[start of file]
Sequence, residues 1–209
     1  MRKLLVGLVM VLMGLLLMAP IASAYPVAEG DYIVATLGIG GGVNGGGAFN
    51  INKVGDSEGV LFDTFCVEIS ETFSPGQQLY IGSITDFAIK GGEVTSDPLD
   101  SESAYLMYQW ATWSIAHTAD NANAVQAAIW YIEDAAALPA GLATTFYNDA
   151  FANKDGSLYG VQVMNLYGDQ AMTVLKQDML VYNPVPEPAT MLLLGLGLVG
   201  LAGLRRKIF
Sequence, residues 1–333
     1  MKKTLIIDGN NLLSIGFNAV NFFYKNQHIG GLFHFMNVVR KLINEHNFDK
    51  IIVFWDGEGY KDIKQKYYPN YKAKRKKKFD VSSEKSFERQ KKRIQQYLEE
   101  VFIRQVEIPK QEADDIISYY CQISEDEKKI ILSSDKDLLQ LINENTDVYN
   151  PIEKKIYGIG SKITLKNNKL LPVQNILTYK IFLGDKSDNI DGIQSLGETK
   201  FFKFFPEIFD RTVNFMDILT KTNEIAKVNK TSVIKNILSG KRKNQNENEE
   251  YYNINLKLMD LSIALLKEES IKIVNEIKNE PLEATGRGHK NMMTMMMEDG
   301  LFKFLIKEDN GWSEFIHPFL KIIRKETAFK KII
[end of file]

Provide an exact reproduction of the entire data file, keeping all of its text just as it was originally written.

Sequence, residues 1–209
     1  MRKLLVGLVM VLMGLLLMAP IASAYPVAEG DYIVATLGIG GGVNGGGAFN
    51  INKVGDSEGV LFDTFCVEIS ETFSPGQQLY IGSITDFAIK GGEVTSDPLD
   101  SESAYLMYQW ATWSIAHTAD NANAVQAAIW YIEDAAALPA GLATTFYNDA
   151  FANKDGSLYG VQVMNLYGDQ AMTVLKQDML VYNPVPEPAT MLLLGLGLVG
   201  LAGLRRKIF
Sequence, residues 1–333
     1  MKKTLIIDGN NLLSIGFNAV NFFYKNQHIG GLFHFMNVVR KLINEHNFDK
    51  IIVFWDGEGY KDIKQKYYPN YKAKRKKKFD VSSEKSFERQ KKRIQQYLEE
   101  VFIRQVEIPK QEADDIISYY CQISEDEKKI ILSSDKDLLQ LINENTDVYN
   151  PIEKKIYGIG SKITLKNNKL LPVQNILTYK IFLGDKSDNI DGIQSLGETK
   201  FFKFFPEIFD RTVNFMDILT KTNEIAKVNK TSVIKNILSG KRKNQNENEE
   251  YYNINLKLMD LSIALLKEES IKIVNEIKNE PLEATGRGHK NMMTMMMEDG
   301  LFKFLIKEDN GWSEFIHPFL KIIRKETAFK KII